RECALL - Japanese airbag manufacturer Takata has expanded its recall of cars deemed unsafe due to defective airbags. The company has now recalled 33.8 million vehicles in one of the largest product recalls of any kind in U.S. history. Gwen Ifill has the story.
QUESTION TIME - A federal judge today ordered the U.S. State Department to speed up its release of the thousands of emails Hillary Clinton wrote when she was Secretary of State. Gwen Ifill speaks to Matea Gold of the Washington Post and Peter Nicholas of the Wall Street Journal about Clinton's response and what this could mean for her presidential campaign.
CULTURE AT RISK - In Syria, priceless antiquities are at risk of being damaged, stolen or destroyed in the country's civil war. PBS NewsHour special correspondent Marcia Biggs reports on the fight to save these ancient relics as part of our "Culture at Risk" series.
SIGNING OFF - David Letterman will sign off for the last time tomorrow, capping a late night TV career that lasted for more than three decades. Chief correspondent for arts and culture Jeffrey Brown looks back at Letterman's legacy, and how he changed the late night landscape.
NEWSHOUR BOOKSHELF - Steve Inskeep, co-host of NPR's Morning Edition, has written a new book, "Jacksonland: President Andrew Jackson, Cherokee Chief John Ross, and a Great American Land Grab." Judy Woodruff sat down with Inskeep to discuss the book at Busboys and Poets, a book store and restaurant chain the D.C. area.
FRONTLINE: SECRETS, POLITICS AND TORTURE - PBS NewsHour shares a preview of the new Frontline documentary "Secrets, Politics and Torture," premiering tonight. The film examines the fight over the CIA's controversial interrogation methods, which many have criticized as torture.

Repeat Broadcasts:

  • KQED World: Wed, May 20, 2015 -- 12:00 AM
  • KQED World: Tue, May 19, 2015 -- 10:00 PM
  • KQED World: Tue, May 19, 2015 -- 7:00 PM
  • KQED 9: Tue, May 19, 2015 -- 6:00 PM
  • KQED World: Tue, May 19, 2015 -- 4:00 PM

Episode #11230

KQED 9: Mon, May 18, 2015 -- 3:00 PM

FIGHT FOR IRAQ - The Islamic State militant group has taken control of the Iraqi city of Ramadi. What does the fall of Ramadi mean in the fight against the Islamic State group? Gwen Ifill speaks to retired Army Colonel Derek Harvey, who is now the director of the Global Initiative on Civil Society and Conflict at the University of South Florida, and Vali Nasr, a Middle East scholar at the Johns Hopkins University School of Advanced International Studies.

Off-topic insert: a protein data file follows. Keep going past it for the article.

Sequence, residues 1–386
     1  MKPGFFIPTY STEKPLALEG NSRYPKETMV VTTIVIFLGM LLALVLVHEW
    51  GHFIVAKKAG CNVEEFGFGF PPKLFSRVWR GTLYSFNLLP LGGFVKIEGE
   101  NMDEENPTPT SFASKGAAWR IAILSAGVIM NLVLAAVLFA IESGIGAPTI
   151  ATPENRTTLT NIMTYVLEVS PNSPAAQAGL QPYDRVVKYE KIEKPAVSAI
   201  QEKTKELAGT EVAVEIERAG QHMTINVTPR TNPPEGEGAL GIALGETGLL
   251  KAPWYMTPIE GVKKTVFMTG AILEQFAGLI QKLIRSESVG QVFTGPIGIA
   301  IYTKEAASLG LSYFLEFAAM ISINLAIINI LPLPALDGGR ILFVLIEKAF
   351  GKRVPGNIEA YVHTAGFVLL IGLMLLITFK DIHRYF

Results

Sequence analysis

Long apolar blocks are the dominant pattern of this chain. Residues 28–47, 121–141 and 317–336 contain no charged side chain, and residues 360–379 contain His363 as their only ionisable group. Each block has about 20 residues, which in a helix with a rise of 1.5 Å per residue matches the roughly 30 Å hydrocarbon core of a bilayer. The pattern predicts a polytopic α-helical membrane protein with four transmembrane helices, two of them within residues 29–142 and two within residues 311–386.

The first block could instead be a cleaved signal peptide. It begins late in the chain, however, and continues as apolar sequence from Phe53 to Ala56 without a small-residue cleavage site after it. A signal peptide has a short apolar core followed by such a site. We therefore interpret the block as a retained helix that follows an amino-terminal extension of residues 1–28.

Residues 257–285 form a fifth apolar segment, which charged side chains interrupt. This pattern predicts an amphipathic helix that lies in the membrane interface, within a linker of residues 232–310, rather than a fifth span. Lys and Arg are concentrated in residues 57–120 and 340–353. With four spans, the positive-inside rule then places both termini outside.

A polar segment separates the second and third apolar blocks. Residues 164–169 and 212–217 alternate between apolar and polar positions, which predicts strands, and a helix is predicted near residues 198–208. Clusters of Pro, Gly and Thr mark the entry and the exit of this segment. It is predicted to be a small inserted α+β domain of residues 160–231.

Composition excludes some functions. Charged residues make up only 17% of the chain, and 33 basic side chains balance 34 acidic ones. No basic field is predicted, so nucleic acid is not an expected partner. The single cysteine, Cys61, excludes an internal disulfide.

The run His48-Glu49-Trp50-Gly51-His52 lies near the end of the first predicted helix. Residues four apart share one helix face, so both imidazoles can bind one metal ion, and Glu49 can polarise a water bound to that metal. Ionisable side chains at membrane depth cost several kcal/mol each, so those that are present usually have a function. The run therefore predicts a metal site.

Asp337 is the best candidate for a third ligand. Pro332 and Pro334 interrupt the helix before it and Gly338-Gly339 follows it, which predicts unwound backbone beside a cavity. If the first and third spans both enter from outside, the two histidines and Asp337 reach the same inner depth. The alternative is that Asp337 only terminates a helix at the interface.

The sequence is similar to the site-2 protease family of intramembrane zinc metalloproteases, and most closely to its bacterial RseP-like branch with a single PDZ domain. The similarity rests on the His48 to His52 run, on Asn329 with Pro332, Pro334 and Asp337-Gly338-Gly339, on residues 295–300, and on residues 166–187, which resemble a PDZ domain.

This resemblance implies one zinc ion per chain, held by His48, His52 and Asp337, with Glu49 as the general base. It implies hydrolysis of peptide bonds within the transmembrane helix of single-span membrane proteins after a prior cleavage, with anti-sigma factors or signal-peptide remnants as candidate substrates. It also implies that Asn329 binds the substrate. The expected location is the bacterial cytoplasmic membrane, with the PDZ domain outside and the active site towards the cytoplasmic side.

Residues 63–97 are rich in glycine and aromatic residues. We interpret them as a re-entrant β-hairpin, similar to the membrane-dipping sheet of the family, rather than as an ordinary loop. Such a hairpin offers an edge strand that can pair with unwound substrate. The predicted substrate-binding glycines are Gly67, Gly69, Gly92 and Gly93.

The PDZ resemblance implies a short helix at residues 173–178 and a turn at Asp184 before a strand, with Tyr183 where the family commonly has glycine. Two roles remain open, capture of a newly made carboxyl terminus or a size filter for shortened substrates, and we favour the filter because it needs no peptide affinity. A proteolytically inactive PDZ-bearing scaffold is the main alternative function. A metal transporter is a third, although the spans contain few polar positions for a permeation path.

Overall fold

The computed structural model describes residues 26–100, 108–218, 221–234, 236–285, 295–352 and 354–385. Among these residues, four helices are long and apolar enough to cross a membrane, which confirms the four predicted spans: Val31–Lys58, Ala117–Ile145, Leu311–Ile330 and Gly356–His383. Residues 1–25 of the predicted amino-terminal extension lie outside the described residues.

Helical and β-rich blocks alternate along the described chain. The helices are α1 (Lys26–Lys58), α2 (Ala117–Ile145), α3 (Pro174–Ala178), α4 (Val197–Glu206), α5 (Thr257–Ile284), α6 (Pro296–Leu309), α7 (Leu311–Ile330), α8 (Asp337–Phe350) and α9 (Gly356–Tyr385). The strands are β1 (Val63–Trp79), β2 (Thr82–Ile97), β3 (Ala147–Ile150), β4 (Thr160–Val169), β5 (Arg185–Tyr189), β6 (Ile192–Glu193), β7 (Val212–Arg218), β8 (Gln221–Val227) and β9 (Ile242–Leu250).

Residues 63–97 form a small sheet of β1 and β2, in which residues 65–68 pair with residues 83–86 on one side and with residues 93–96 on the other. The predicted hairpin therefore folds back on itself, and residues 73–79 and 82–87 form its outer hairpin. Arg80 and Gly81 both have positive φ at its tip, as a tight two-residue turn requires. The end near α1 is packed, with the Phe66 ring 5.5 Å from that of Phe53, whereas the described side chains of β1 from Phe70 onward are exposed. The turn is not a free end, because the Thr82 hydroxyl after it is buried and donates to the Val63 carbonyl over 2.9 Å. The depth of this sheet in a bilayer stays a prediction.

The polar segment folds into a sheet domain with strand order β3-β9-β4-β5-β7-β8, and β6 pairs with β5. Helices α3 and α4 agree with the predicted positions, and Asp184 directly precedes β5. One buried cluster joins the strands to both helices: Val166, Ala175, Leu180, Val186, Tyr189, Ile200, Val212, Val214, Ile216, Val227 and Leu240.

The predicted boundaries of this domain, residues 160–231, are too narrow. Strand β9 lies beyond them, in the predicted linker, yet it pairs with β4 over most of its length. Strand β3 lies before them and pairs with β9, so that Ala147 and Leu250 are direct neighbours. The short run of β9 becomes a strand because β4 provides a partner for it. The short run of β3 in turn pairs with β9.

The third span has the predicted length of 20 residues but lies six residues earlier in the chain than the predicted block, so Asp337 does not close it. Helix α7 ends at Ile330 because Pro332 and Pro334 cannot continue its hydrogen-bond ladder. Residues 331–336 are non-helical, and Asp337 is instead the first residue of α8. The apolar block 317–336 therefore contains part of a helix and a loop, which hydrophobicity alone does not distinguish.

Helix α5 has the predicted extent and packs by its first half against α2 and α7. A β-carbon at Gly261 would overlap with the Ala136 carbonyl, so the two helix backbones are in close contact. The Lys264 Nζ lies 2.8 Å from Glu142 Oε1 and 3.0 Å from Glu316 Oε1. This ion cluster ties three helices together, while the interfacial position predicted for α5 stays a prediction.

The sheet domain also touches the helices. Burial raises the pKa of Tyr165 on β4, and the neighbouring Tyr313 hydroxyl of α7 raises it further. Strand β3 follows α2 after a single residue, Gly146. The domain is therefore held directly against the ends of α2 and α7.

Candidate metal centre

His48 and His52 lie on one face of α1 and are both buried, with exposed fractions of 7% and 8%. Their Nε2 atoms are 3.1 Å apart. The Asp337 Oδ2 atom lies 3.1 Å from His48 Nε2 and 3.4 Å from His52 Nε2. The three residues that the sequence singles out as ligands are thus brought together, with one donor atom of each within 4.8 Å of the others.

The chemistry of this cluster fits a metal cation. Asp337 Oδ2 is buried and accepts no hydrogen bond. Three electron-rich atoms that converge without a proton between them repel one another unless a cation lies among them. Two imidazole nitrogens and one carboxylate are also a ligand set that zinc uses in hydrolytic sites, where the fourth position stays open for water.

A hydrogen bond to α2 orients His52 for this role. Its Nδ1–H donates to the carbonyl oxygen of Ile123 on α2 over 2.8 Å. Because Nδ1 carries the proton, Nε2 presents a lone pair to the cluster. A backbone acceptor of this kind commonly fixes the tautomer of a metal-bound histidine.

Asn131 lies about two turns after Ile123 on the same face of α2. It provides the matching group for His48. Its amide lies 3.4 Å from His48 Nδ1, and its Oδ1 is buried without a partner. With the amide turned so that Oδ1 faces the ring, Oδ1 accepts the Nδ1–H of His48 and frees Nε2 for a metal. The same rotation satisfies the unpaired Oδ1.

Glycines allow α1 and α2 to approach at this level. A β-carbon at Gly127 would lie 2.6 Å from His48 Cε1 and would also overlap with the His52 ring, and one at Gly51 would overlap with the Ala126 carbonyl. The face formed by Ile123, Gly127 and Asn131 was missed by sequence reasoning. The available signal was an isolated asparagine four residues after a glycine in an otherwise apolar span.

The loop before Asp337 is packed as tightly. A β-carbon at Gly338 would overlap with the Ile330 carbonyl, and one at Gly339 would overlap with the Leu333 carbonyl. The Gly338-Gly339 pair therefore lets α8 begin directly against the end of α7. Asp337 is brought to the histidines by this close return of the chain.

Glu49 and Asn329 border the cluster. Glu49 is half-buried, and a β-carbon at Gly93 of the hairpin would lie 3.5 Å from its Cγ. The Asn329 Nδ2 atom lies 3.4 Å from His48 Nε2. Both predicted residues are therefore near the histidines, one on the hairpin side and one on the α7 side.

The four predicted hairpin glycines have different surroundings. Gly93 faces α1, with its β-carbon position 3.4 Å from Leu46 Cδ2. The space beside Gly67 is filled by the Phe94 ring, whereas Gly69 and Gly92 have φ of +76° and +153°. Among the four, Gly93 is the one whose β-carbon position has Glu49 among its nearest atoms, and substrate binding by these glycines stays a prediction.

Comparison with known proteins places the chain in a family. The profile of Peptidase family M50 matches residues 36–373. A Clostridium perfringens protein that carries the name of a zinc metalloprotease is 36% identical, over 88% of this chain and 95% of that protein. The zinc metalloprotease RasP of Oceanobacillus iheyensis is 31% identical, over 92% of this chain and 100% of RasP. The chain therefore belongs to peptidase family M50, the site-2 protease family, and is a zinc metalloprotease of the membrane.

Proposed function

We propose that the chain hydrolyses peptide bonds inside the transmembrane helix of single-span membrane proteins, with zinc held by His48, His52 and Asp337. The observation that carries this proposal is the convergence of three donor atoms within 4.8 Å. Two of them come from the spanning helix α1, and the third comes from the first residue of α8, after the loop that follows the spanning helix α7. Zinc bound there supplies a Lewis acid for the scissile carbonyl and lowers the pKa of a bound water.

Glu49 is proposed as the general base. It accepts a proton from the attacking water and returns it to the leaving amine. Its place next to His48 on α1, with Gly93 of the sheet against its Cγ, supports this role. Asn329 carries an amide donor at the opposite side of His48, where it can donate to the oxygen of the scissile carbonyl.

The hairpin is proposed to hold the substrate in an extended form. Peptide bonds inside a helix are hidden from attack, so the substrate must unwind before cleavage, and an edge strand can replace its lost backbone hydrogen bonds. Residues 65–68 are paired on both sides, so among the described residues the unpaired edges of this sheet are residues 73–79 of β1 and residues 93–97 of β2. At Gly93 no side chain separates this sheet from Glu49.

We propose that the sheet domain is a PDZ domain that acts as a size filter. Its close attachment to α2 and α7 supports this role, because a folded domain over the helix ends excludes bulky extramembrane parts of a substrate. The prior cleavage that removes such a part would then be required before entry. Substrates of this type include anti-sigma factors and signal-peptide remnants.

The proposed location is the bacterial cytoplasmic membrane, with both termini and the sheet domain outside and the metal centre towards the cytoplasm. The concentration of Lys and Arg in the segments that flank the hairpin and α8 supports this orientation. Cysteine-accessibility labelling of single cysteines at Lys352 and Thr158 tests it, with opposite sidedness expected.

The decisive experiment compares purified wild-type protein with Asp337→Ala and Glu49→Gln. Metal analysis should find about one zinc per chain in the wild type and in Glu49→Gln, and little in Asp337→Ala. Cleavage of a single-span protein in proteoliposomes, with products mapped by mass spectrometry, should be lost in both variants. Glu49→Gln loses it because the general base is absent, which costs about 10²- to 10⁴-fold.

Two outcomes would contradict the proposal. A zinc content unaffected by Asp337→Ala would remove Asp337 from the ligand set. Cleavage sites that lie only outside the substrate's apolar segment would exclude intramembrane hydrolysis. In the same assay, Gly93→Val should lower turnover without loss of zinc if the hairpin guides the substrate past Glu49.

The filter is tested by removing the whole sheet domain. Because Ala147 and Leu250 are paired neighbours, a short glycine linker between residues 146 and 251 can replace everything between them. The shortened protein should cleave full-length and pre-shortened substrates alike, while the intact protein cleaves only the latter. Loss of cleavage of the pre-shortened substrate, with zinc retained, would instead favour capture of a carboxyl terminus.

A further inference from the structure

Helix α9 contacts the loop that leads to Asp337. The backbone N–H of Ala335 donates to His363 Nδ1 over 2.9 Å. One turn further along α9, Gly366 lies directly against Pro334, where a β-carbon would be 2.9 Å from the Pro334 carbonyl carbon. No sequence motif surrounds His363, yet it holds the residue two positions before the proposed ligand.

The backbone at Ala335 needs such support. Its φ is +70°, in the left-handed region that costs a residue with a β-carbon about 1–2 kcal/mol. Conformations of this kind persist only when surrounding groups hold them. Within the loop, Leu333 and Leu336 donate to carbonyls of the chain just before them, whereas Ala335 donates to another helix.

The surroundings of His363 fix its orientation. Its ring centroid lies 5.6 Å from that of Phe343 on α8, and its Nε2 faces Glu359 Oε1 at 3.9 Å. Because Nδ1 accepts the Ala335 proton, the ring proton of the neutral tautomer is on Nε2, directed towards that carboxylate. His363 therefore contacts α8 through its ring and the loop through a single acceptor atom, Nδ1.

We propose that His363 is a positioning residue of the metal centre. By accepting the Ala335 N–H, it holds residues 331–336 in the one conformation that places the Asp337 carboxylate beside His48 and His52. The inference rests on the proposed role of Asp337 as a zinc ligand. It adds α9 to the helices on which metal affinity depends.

LEVEL OF FORCE - President Obama is prohibiting the federal government from providing some military style equipment to local police departments, as well as putting stricter control on other gear and weapons distributed to law enforcement. This announcement comes as part of the President's push to ease tensions between law enforcement and the communities they serve. Judy Woodruff has the story.
HEAD START AT 50 - Fifty years ago today, President Lyndon Johnson announced the creation of Head Start, a government program designed to support early education for low-income children. PBS NewsHour's April Brown examines the program's legacy and its future as part of our "American Graduate" series, a public media initiative funded by the Corporation for Public Broadcasting.
RUNNING - Senator Bernie Sanders of Vermont is an Independent seeking the Democratic nomination for president in 2016. Judy Woodruff sat down with Sanders for the latest in our series of interviews with the men and women running for president in 2016.
POLITICS MONDAY - Amy Walter of the Cook Political Report and NPR White House correspondent Tamara Keith join Gwen Ifill for the NewsHour's weekly "Politics Monday" panel.
NEWSHOUR BOOKSHELF - Jeffrey Brown explores the darker side of social media as a platform for public shaming with Jon Ronson, author of the book "So You've Been Publicly Shamed."

Repeat Broadcasts:

  • KQED World: Tue, May 19, 2015 -- 12:00 AM
  • KQED World: Mon, May 18, 2015 -- 10:00 PM
  • KQED World: Mon, May 18, 2015 -- 7:00 PM
  • KQED 9: Mon, May 18, 2015 -- 6:00 PM
  • KQED World: Mon, May 18, 2015 -- 4:00 PM

Episode #11229

KQED 9: Fri, May 15, 2015 -- 3:00 PM

DEATH PENALTY - The jury reached a verdict today in the penalty phase of the Boston Marathon bombing trial. Dzhokhar Tsarnaev will be sentenced to death for the 2013 bombing. Judy Woodruff reports.
DEADLY ACCIDENT - Tuesday's Amtrak train derailment has set in motion an examination of the safety systems in place for the country's railroads, and whether these systems have been adequately funded. Judy Woodruff explores these questions with Sarah Feinberg, acting administrator of the Federal Railroad Administration.
LOST AT SEA - Refugees who have taken to the sea in Southeast Asia struggle to find safe harbor. Hari Sreenivasan examines the growing humanitarian crisis with Sarnata Reynolds, senior advisor on human rights at Refugees International.
TWENTY WEEKS - PBS NewsHour's political director Lisa Desjardins reports from Capitol Hill on how Republican lawmakers are attempting to move the abortion debate into a new gear. SHIELDS AND BROOKS - Syndicated columnist Mark Shields and the New York Times' David Brooks analyze the week's top stories.
REMEMBERING B.B. KING - Blues legend B.B. King died Thursday night at home in Las Vegas at the age of 89. PBS NewsHour pays tribute to King, who continued to perform until last October.

Repeat Broadcasts:

  • KQED World: Sat, May 16, 2015 -- 12:00 AM
  • KQED World: Fri, May 15, 2015 -- 10:00 PM
  • KQED World: Fri, May 15, 2015 -- 7:00 PM
  • KQED 9: Fri, May 15, 2015 -- 6:00 PM
  • KQED World: Fri, May 15, 2015 -- 4:00 PM

Episode #11228

KQED 9: Thu, May 14, 2015 -- 3:00 PM

DEADLY ACCIDENT I - Eight people have now been confirmed dead in the wake of Tuesday's Amtrak train derailment. Part of the discussion surrounding the accident has now turned into a debate over spending on Amtrak and infrastructure. Gwen Ifill examines this debate with Rep. Chaka Fattah, a Democrat from Pennsylvania, and Republican Congressman John Mica of Florida.